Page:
The next night we were back home against the Huntsville Havoc. Somebody should have told us the game started at 7:30...we came out completely flat and limped out of the first period down 3-0. We managed to claw our way back with 2 goals in the third, but couldn't get the equalizer and lost 3-2.
We began the following weekend the way we had ended the previous weekend...with a home loss to Huntsville. The difference was that both teams started late this time. Our 7:30 game time was pushed back because Huntsville's bus broke down halfway to Columbus. By the time a replacement bus had picked them up, there was no way they were getting to town on time. It's no fun to get all your work done and get ready to go, then have to sit and twiddle your thumbs waiting for the other team to show up. They didn't get there until almost 9pm. After a quick warmup period (without the customary intermission afterward) the teams lined up and started the game about 2 hours late. Matt Kinnunen got the Snakes on the board with a power play goal 9:07 into the first period. Jordan Braid added another PP goal at 8:15 of the second. Stephen Margeson got the Havoc onto the board at 14:09, and Shaun Arvai tied the game at 2-2 three minutes later. Havoc goalie Mark Sibbald shut the door on the Snakes in the third and Margeson scored the game winner 16:29 into the third period. Ray Ortiz added an empty-netter to close out the scoring in a 4-2 Havoc win.
The next day we were off on a road trip, but first we had to clear out our locker room for the Disney show coming into the Civic Center. We had to have everything cleared out by 9am so they could clean and set the rooms, which meant that Tyler McCrea and myself had to pull an all-nighter. We did the usual post-game cleanup and put away routine, and I did my usual post-game laundry routine, but in addition I had to get the game jerseys and socks ready to pack, sharpen skates for the next day's game, and pack away all our extra stuff in the training room, in addition to trying to rotate the gloves and skates onto the glove dryer to try and dry them before morning. I managed to get about a one-hour nap in between loads of laundry, and we just managed to get the laundry, jerseys and socks passed out and the bags packed by the 9am deadline so we could load up the trailer for the road trip. On the plus side, I now had all my work done and had little more to do than wait for the bus to leave.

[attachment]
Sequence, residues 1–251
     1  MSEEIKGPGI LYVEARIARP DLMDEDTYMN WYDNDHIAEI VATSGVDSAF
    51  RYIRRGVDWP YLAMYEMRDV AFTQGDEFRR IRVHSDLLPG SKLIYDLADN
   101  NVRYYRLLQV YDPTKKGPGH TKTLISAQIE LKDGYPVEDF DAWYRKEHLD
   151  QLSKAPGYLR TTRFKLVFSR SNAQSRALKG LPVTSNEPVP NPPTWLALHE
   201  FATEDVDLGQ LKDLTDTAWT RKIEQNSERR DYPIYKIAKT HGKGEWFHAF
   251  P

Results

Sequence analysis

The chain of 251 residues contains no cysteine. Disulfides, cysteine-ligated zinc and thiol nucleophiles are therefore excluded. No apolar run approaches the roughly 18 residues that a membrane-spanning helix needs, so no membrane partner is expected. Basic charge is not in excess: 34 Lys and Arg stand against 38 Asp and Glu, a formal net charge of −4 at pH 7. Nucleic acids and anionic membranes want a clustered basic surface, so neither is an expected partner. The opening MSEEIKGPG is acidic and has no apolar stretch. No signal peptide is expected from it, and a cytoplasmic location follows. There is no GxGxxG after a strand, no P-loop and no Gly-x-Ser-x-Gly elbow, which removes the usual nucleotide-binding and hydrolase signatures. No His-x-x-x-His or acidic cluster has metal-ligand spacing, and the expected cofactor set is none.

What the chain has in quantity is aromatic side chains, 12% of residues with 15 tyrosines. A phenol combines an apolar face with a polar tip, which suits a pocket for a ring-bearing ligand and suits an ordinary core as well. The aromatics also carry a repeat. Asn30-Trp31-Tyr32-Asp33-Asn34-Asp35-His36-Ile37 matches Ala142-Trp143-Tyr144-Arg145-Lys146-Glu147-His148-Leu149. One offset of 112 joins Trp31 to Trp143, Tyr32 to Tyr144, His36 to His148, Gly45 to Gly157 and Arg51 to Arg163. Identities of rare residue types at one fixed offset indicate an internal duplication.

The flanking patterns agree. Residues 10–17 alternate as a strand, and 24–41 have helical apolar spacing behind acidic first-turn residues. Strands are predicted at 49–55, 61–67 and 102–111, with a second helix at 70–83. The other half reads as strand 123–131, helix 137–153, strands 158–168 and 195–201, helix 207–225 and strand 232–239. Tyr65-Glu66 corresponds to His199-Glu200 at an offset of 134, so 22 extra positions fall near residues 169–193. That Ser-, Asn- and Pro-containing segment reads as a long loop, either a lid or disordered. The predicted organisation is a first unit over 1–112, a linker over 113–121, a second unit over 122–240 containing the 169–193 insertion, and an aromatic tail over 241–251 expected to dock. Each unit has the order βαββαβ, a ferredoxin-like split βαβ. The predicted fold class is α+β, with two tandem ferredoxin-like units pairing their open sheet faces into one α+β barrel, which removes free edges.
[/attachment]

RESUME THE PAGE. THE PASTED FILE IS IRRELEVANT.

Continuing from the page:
Daryl Moore scored the game's first goal 14:21 into a lackluster first period (for both squads). The announcer was still calling out the goal and assists when Branden Kosolofsky scored to tie the game at the 14:45 mark, and he was still announcing that goal when Neil Graham made it 2-1 twenty seconds later. Matt Auffrey notched a goal at 5:16 of the second to close out the scoring. The Snakes never mounted a significant threat after Moore's goal, only managing 26 total shots in the game.